It was just left to block sand lightly before moving on to the colour coat.

Metallic lacquer colour coat

First pass of metallic lacquer around the edge

First pass of metallic lacquer around the edge

As will all colours, the lacquer should be sprayed in several thin coats. This is especially true of metallic lacquers, which because they are reflective, will show or even highlight every imperfection.

Spray using the same technique as shown in the butterscotch demonstration.

After one coat of metallic, primer still showing through

After one coat of metallic, primer still showing through

The photo on the left shows the first pass of colour, around the edges. you can I hope see how fine the spray is.

The photo on the right shows the body after one full coat (three passes) of lacquer and you can clearly see the primer showing through.

When spraying be sure to cover the sides of the body well as they are easy to neglect. Pay extra attention to inside the cutaway which can be difficult to reach when using this method of supporting the body. Resist the temptation to spray heavily here as runs will need sanding out. Remember to use thin coats.

By the time the third coat of lacquer is on the primer coat is completely covered and it’s time for the final “misted” coat of metallic.

Final misting coat of metallic lacquer

The final metallic coat is dusted on so that the metallic particles lie at different angles enhancing the metallic effect. If the metallic is sprayed too wet, the particles lie flat and the reflectivity is less.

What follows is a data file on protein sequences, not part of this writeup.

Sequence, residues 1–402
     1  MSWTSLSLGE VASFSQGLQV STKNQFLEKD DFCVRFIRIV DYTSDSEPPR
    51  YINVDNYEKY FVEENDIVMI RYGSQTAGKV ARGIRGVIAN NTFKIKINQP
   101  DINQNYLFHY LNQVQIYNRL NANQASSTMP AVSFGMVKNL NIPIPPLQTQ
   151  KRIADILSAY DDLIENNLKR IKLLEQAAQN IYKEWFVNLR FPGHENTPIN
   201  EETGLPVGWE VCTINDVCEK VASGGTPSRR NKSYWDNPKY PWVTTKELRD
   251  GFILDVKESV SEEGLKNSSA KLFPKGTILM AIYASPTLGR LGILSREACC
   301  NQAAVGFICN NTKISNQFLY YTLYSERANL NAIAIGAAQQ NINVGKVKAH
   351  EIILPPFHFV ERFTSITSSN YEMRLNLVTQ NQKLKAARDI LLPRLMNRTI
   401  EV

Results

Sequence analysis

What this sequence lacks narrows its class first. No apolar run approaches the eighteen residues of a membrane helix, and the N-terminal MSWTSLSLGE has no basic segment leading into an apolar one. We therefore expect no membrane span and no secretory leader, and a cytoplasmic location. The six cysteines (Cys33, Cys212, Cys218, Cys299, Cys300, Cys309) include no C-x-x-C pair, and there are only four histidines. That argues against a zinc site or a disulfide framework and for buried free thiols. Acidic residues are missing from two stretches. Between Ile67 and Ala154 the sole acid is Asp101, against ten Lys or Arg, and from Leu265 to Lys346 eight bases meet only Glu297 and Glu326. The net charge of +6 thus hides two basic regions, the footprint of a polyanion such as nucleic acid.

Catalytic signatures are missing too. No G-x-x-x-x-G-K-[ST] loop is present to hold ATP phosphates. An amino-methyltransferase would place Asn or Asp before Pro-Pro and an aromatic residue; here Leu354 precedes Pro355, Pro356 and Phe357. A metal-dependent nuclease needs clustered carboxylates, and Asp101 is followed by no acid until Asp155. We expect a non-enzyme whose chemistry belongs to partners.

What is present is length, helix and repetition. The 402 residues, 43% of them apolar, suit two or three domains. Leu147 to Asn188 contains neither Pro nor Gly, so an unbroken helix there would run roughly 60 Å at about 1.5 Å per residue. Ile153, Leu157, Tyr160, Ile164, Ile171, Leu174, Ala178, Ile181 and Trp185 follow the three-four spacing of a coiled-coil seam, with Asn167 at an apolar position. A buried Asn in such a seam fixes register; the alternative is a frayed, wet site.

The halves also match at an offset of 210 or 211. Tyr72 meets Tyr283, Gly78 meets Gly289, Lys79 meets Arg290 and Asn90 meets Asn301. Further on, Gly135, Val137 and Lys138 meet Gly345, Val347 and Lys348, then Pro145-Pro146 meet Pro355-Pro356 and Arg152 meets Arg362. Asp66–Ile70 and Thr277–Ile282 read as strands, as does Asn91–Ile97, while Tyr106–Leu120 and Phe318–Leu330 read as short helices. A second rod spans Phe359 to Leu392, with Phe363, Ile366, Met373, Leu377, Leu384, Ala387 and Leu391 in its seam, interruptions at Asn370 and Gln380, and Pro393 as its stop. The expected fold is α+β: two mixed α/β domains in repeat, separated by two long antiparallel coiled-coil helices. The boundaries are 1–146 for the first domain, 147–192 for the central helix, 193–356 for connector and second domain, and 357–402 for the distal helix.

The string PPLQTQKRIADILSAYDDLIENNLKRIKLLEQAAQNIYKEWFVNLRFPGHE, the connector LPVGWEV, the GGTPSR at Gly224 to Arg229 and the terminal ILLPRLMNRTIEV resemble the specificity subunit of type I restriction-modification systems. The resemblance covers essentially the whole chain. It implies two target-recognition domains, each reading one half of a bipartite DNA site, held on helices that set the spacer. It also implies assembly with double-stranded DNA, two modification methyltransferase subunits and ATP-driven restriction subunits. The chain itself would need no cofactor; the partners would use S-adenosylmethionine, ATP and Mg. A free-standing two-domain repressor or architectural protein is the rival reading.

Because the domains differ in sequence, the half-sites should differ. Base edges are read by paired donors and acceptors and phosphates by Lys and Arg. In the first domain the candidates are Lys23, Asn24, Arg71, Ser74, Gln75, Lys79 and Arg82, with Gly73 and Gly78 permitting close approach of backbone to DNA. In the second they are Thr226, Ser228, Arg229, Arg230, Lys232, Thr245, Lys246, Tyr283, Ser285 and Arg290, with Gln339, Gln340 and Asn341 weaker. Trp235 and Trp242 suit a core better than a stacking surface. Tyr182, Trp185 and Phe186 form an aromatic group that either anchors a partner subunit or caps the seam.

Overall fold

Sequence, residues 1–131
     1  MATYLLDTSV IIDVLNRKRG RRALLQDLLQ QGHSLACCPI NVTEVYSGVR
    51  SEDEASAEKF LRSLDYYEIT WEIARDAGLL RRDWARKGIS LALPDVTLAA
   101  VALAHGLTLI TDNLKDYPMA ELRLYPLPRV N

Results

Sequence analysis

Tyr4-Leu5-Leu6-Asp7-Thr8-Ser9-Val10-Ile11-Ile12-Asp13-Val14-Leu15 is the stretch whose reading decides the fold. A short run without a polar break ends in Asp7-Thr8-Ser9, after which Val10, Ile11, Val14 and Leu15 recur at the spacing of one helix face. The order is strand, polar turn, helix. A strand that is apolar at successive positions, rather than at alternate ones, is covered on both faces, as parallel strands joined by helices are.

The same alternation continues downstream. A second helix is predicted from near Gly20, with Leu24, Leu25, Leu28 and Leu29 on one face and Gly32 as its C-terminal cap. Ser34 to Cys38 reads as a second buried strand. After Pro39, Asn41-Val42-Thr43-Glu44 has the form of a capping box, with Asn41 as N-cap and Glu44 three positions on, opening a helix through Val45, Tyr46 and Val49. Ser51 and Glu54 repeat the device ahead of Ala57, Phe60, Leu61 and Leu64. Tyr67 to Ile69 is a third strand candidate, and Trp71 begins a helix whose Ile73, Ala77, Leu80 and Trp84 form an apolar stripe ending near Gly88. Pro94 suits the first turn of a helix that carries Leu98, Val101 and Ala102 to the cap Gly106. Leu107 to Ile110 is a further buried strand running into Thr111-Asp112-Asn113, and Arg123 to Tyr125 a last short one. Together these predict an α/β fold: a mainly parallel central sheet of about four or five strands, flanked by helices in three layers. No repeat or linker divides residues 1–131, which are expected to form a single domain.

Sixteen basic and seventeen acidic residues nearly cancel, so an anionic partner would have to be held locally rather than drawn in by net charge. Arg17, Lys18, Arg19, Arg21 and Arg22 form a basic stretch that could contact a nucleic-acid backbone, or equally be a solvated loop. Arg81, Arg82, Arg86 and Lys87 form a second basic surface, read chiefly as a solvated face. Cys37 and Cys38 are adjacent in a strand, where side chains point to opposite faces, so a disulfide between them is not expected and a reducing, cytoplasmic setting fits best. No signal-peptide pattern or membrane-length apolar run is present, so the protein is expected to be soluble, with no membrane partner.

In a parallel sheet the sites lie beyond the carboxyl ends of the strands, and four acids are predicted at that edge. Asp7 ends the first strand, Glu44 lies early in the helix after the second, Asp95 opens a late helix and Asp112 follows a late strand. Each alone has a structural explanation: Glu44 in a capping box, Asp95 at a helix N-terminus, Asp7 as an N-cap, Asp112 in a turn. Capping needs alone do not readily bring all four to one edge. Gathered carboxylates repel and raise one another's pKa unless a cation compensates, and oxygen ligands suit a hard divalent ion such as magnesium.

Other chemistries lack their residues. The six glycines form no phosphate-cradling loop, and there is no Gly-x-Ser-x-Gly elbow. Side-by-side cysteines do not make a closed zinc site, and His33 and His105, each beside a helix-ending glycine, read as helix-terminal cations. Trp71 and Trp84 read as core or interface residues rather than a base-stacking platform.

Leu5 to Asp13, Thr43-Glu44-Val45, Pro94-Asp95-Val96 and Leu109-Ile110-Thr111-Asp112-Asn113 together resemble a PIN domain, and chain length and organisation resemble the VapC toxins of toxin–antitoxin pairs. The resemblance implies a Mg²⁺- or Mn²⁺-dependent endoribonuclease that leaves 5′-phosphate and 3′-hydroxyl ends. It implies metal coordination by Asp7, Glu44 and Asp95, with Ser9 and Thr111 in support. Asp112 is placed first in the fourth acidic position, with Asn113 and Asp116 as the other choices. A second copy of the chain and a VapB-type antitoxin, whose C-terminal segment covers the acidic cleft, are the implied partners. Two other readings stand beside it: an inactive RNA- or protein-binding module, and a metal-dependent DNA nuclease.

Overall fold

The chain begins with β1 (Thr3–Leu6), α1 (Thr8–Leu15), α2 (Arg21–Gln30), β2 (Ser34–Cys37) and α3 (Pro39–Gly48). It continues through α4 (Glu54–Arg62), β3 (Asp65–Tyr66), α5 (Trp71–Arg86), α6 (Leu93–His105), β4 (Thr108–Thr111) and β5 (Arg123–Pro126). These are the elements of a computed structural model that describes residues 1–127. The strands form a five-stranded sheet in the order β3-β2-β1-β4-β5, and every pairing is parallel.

The video below shows the misting technique.

Don’t handle the body at the stage as the dusty finish is quite fragile and the metal flakes will come off on your fingers leaving a mark. I sprayed some clear coats straight away (see below) to stabilise the metallic.

Clear coats

The first few coats of clear should be misted similarly so as not to wet the metallic, so causing the flakes to flatten. When spraying this body I used half a can of Clear Gloss lacquer dusted very lightly all over the guitar body until I was sure that the metallic flakes were covered and locked in place.

Clear coats sprayed

Clear coats sprayed

I then sprayed another whole can of Clear Gloss lacquer but wetter this time to build to a reasonable thickness of lacquer.

You can see in this photo that the body is looking quite reflective in the sunlight.

Finish without sanding or buffing

Finish straight out of the can

Well it’s dried beautifully smooth with no orange peel and there won’t be any need to flat sand this body. Must be all my painstaking prep work!

I’ll wait a couple of weeks before buffing.

Bill of Materials

I used:

I also used 180, 240 and 320 grit 3M “Sandblaster” abrasive

14 Comments on “Finishing an alder Telecaster body in metallic lacquer”

  1. I have recently bought an alder body from Guitar Build that I’m intending to spray black. I haven’t started any of my prep yet, and from what I’ve read, I probably shouldn’t be spraying anything in the UK until the weather is warmer, so the next few months are all about prep for that.

    I noticed here you didn’t use any grain filler, and just went straight for the sanding sealer, whereas on your “La Cabronita” style guitar, you did use the grain filler there. Is that because it was ash?

    I’m also interested to understand why you don’t tape off the neck pocket. How do you stop that causing neck set issues if the neck pocket is painted?

    • Temperature isn’t such a problem when spraying, but humidity is so best wait for a dry day. Low temperatures do slow drying so factor that in.

      You only need grain filler on open pored woods such as ash and mahogany. Alder is fairly tight grained so pore filling is a waste of time and effort. Not to mention grain filler!

      The lacquer that gets into the neck pocket isn’t thick enough to cause any alignment issues but tape it off if you wish.